AgriPower Class VI met Aug. 14 at the Ohio Agricultural Research and Development Center (OARDC) in Wooster for our second session. The session’s focus was centered on the role of media in agriculture today and how to best use social media to promote agriculture. We also were privileged to tour the OARDC facility as well as several local farms during our three-day session.
Participants in AgriPOWER Class VI recently spent a few days in Wooster for their second session in the program. They spent three days learning about social media, media relations, visual media, and telling their story as well as touring the Ohio Agricultural Research and Development Center and several other farms in the area. Here are a few excerpts from participant blogs, and links to their full blogs.
Gov. John Kasich has been named a “Friend of Agriculture” by Ohio Farm Bureau Federation’s Agriculture for Good Government Political Action Committee (AGGPAC).
Ohio Farm Bureau appreciates Gov. Kasich’s announcement today that the state will be investing $1.25 million in conservation techniques that farmers can use to help them continue their work to protect water quality.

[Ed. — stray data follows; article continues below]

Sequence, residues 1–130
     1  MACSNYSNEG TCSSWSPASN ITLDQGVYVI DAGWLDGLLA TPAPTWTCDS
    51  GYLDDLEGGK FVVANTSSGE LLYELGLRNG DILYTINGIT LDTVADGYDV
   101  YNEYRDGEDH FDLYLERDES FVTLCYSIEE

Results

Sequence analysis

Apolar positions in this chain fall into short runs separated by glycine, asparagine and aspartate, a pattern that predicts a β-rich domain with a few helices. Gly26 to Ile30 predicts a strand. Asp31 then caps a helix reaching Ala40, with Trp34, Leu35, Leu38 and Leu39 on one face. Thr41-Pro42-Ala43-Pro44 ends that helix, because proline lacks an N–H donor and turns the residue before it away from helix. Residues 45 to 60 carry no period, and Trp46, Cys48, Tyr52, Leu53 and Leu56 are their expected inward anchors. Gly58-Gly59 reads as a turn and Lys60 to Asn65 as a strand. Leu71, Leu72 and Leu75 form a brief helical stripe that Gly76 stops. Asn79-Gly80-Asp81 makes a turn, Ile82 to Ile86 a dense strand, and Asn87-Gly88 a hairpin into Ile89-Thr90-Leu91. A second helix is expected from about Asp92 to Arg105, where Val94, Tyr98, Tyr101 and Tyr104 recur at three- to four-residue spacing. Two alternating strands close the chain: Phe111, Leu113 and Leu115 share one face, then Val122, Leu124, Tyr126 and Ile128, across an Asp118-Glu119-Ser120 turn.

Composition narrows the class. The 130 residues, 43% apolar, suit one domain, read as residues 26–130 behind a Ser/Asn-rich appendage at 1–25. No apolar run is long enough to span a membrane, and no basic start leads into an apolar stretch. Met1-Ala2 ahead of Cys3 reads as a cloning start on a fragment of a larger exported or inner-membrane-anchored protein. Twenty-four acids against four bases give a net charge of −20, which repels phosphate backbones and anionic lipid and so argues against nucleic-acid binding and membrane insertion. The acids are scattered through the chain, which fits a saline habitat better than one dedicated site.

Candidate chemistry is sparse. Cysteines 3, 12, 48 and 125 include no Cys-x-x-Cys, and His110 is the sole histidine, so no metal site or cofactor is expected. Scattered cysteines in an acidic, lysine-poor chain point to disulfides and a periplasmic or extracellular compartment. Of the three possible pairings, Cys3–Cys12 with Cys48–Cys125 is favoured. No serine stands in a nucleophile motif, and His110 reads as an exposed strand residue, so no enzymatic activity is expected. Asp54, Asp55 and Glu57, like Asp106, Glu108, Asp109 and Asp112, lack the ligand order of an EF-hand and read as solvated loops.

Ohio Farm Bureau and other agricultural groups have been involved in the Toledo water crisis story since the first news alert. Joe Cornely, OFBF’s senior director of corporate communications, was on site in Toledo the day after the drinking water ban and stayed until the day after the ban was lifted. Cornely answered reporter questions, helped farmer spokespersons and conducted media outreach.
A bill that requires fertilizer applicator certification for most of Ohio’s farmers is now law. But some news stories about the Toledo water crisis and Senate Bill 150 have made it sound like the bill signed into law in June doesn’t do anything until 2017 and has “no teeth.” Here are some points about the new law that you may need to know as you have conversations about fertilizer regulation in Ohio.
The harmful algal bloom issue in Lake Erie is complex, and many groups and institutions are working to understand all of the factors involved. Ohio’s agriculture community has been focusing on finding ways to keep nutrients in place on farms by preventing runoff. Below are a few resources to learn more about what is being done and can be done, plus other educational materials.